The biggest gun in Olympus's arsenal lives up to its pro billing.
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At Photokina 2014, we got a brief hands-on with Olympus’s brand-new, much-anticipated M.Zuiko ED 40-150mm f/2.8 Pro (MSRP $1,499)—a lens that the company hopes will win over professional sports and wildlife shooters tired of shouldering the weight of full-frame systems.
What we saw in Cologne was exciting, but we weren’t allowed to keep any photos. Luckily, almost as soon as we got back to Boston, a big package showed up on our doorstep.
This past Sunday we took the M.Zuiko ED 40–150mm Pro out on the town and grabbed some samples for your viewing pleasure.
This weekend, our copy of the lens was mated to an Olympus OM-D E-M5. That means we weren’t able to evaluate it for fast action performance—the E-M5 lacks the E-M1’s phase-detect AF pixels—but we can say that in good light it focuses with lightning speed.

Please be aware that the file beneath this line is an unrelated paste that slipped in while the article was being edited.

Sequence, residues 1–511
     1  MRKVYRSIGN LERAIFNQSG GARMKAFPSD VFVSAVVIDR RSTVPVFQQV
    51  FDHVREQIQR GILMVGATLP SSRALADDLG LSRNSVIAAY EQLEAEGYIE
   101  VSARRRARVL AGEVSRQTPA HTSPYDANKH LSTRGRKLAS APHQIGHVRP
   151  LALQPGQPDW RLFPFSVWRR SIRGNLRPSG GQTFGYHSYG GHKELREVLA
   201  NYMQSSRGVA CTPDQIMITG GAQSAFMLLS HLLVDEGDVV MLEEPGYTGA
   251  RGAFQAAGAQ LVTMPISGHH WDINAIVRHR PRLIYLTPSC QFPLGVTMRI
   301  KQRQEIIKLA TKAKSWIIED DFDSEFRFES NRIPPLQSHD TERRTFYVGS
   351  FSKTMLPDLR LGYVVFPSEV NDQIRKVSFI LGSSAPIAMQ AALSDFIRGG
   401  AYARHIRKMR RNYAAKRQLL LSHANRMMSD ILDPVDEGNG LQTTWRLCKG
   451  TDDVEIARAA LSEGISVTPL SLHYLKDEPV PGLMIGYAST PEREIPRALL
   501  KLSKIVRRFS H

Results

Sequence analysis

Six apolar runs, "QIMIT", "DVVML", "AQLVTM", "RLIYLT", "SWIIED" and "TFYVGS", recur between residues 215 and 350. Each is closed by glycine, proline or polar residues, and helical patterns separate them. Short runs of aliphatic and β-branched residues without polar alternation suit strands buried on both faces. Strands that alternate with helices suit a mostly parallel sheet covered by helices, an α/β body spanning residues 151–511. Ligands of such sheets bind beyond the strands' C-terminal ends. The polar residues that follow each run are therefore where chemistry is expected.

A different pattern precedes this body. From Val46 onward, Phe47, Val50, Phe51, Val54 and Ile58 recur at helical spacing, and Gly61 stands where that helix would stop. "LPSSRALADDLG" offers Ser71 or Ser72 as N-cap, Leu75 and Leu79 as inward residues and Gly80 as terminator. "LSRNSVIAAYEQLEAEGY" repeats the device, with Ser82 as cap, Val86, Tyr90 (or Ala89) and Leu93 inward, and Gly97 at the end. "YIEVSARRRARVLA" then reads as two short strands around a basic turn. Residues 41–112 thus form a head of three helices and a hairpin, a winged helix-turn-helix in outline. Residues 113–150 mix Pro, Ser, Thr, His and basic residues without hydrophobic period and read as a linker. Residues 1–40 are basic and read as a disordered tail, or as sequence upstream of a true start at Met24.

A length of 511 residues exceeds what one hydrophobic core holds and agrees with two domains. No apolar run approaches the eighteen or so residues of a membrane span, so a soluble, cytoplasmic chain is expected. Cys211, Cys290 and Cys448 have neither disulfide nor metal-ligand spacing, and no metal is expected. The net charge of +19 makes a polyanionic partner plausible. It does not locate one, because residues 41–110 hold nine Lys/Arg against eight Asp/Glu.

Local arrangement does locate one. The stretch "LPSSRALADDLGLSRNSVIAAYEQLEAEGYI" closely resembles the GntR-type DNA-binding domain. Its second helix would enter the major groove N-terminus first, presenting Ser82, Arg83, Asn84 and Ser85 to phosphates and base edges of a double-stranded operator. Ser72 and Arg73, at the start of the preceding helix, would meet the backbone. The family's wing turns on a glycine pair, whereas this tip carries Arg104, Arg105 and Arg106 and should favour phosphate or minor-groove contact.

The results speak for themselves, but here are some words anyway: This lens is sharp throughout the range, produces excellent contrast and pleasing colors, and doesn’t have a discernible color cast. We didn’t note any issues with chromatic aberration (color fringing), and vignetting was minimal even at 150mm f/2.8.
However, we were less than impressed with the 40–150mm’s bokeh under some circumstances. Busy backgrounds in particular tend to create rather “nervous” bokeh—moreso than comparable full-frame 70-200mm lenses.
Take a gander at the shots below, and let us know what you think in the comment section!
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